Compression Fractures Pain
Compression fracture pain symptoms can include sudden, severe back pain to virtually no pain evolving to chronic backache sensations in the injured area. The pain symptoms associated with compression fractures are variable for each patient and depend on how and why the compression fracture occurred.
The pain can be felt in the back, but the pain it may also be felt on the sides and front as well. Compression fractures are most commonly found in the mid to lower spine area (thoracic and lumbar spine, respectively). Compression fracture pain symptoms are wide ranging and involve not only pain but also weakness, tingling, incontinence and many more symptoms. This is because the fractured bone(s) can create pressure on the spinal cord and nerves by protruding into the spinal canal. Due to this fact, it is important that anyone with suspicion of compression fracture having weakness, incontinence, numbness and tingling seek treatment from a pain management specialist right away.
Compression fractures associated with trauma can cause “knifelike” pain that often takes weeks to months to disappear and is often disabling. Pain may subside as the compression fracture is healing, but individuals may continue to feel pain even after the compression fracture has healed. Pain symptoms associated with this condition such as osteoporosis do not always cause pain right away. But over time, individuals may begin to show a loss of height, stooped over posture, and back pain that starts slowly but isn’t felt when resting.
Compression Fracture Pain Symptoms
One or more of the following pain symptoms may indicate a compression fracture and be an indication that you should seek compression fracture pain relief:
- Sudden, severe back pain that may or may not be associated with trauma.
- Worsening pain when standing or walking or with activity.
- Pain may be relieved with rest or lying down.
- Pain associated or increased with bending or twisting motion.
- Height loss. More noticeable with multiple level compression fractures. With each level of vertebral collapse, the shorter stature becomes more noticeable.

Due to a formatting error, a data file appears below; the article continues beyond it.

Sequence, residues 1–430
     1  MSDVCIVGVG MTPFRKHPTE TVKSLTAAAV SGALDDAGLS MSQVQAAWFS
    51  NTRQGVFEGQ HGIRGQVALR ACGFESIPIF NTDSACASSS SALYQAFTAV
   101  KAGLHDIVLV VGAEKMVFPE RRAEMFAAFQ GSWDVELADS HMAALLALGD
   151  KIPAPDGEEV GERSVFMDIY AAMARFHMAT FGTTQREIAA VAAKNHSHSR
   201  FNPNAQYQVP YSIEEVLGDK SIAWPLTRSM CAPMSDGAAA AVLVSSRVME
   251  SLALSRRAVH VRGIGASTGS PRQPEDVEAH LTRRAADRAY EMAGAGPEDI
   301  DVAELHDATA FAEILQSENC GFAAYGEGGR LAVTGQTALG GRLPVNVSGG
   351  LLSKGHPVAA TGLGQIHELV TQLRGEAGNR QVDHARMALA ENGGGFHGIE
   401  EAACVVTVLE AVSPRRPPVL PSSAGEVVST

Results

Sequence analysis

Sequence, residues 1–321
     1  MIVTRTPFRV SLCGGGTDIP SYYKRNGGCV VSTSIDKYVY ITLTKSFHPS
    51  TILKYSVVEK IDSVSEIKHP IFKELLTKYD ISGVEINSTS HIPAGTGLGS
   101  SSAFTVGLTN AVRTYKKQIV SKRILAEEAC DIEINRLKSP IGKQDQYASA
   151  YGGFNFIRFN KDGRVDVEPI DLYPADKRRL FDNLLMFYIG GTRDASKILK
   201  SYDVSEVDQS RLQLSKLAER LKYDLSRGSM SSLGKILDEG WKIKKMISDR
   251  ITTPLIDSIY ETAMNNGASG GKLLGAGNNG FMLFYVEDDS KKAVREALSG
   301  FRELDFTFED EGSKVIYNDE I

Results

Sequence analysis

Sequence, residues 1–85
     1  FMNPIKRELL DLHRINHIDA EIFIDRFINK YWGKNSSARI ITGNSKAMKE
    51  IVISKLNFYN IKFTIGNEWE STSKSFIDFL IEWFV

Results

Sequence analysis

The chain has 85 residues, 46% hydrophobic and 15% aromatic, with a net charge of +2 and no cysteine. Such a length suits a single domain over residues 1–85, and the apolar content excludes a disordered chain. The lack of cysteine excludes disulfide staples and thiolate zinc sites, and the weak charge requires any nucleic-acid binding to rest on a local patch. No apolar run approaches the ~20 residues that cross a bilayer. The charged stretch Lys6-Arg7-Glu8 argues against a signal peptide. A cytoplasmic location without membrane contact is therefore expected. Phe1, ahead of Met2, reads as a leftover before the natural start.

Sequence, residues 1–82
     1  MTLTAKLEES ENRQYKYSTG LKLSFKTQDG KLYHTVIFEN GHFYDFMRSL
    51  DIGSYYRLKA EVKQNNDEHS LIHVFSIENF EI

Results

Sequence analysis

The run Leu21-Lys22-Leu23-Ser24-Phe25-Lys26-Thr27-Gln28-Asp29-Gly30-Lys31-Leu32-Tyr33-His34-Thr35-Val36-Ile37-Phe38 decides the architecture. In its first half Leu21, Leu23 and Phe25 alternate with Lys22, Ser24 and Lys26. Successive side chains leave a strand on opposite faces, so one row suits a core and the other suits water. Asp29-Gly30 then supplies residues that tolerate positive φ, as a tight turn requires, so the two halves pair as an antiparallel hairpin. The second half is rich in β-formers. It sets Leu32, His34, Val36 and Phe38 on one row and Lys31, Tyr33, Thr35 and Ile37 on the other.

- Deformity of the spine. Usually seen as a curve or “hunchback” shape in the back, termed kyphosis.
- Abdominal pain. This can be caused by the shorter spine putting pressure on the stomach leading to stomach and digestive issues such as loss of appetite, constipation and weight loss.
- Breathing difficulty due to severe spinal compression causing the lung to not function properly.
Compression Fracture Pain Causes
The spine is made up of many strong bone segments, from the neck to the low back, called vertebrae. Compression fractures in the spine occur when there is a collapse of one or more of these vertebrae.
These compression fractures in the spine can be caused by injury, such as a hard fall, but often occur in patients with arthritis or osteoporosis.
In more rare instances, a compression fracture could be caused by a tumor in the spine. The cancer weakens bone supportive structures causing destruction of parts of the vertebra and eventual collapse.
View this video to learn more about compression fractures of the spine.
Compression Fracture Risk Factors
Almost two-thirds of spinal compression fractures are never diagnosed because many patients think their back pain is merely a sign of aging and arthritis and not compression fracture pain.
Women with osteoporosis and older individuals tend to have less bone density and are at an increased risk of compression fractures. Osteoporosis thins the bones making them become weak and unable to bear the normal weight and pressures of daily activities. The simple motion of bending forward may be enough to cause a fracture in these weakened vertebrae.
Approximately 40 percent of all women will have at least one spinal compression fracture by the time they turn 80 years old, making it the most common type of fracture seen with osteoporosis.
It is important that patients with sudden, severe back pain, especially women over the age of 50, seek medical care right away. Treatment in these circumstances can reduce the chance of further compression fractures.
A physical exam will reveal tenderness over the affected area. Further testing using imaging studies such as a spinal x-ray can show a compressed or shortened vertebra. A compression fracture can be diagnosed by comparing the vertebrae with other vertebrae to see if it appears “compressed” or shorter. If there is concern that the compression fracture was caused by a tumor or severe trauma, a CT or MRI scan may be necessary, as well. In certain circumstances, if there is suspicion that the spinal cord may be injured, a myelogram may also be performed in addition to a thorough neurological exam, to determine possible spinal cord damage.
Compression Fracture Treatment Options
For compression fracture pain relief, you may be treated with pain medicine, bracing and activity modification. Back braces and physical therapy options may be suggested for supporting and strengthening the back.
In cases of osteoporosis, medications and calcium supplements can help prevent further fractures by strengthening bone. Vertebral fractures typically take about three months to fully heal.
There are a number of treatment options that provide pain relief from compression fractures, which include:
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